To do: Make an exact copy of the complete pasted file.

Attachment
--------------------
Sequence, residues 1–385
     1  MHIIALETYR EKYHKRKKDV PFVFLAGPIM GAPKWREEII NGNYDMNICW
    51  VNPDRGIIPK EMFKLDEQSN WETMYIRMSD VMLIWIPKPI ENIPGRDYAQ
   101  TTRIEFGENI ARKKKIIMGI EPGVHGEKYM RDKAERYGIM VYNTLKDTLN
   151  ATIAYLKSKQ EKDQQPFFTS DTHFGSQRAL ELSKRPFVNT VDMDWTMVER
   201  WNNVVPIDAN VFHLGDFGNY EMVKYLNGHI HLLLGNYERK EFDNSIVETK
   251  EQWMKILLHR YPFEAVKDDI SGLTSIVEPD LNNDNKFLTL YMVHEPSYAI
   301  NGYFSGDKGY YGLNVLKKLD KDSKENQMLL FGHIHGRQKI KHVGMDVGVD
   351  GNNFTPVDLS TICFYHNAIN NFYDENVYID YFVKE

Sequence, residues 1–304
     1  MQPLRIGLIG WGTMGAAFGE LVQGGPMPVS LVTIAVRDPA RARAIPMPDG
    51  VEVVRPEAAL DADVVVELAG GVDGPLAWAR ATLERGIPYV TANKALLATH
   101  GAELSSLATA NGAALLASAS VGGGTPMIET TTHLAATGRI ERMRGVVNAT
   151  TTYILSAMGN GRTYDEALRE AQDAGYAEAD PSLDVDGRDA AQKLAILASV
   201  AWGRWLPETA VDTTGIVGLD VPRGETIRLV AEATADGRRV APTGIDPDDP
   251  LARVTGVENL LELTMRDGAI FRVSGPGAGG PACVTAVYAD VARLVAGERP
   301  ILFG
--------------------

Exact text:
Sequence, residues 1–385
     1  MHIIALETYR EKYHKRKKDV PFVFLAGPIM GAPKWREEII NGNYDMNICW
    51  VNPDRGIIPK EMFKLDEQSN WETMYIRMSD VMLIWIPKPI ENIPGRDYAQ
   101  TTRIEFGENI ARKKKIIMGI EPGVHGEKYM RDKAERYGIM VYNTLKDTLN
   151  ATIAYLKSKQ EKDQQPFFTS DTHFGSQRAL ELSKRPFVNT VDMDWTMVER
   201  WNNVVPIDAN VFHLGDFGNY EMVKYLNGHI HLLLGNYERK EFDNSIVETK
   251  EQWMKILLHR YPFEAVKDDI SGLTSIVEPD LNNDNKFLTL YMVHEPSYAI
   301  NGYFSGDKGY YGLNVLKKLD KDSKENQMLL FGHIHGRQKI KHVGMDVGVD
   351  GNNFTPVDLS TICFYHNAIN NFYDENVYID YFVKE

Sequence, residues 1–304
     1  MQPLRIGLIG WGTMGAAFGE LVQGGPMPVS LVTIAVRDPA RARAIPMPDG
    51  VEVVRPEAAL DADVVVELAG GVDGPLAWAR ATLERGIPYV TANKALLATH
   101  GAELSSLATA NGAALLASAS VGGGTPMIET TTHLAATGRI ERMRGVVNAT
   151  TTYILSAMGN GRTYDEALRE AQDAGYAEAD PSLDVDGRDA AQKLAILASV
   201  AWGRWLPETA VDTTGIVGLD VPRGETIRLV AEATADGRRV APTGIDPDDP
   251  LARVTGVENL LELTMRDGAI FRVSGPGAGG PACVTAVYAD VARLVAGERP
   301  ILFG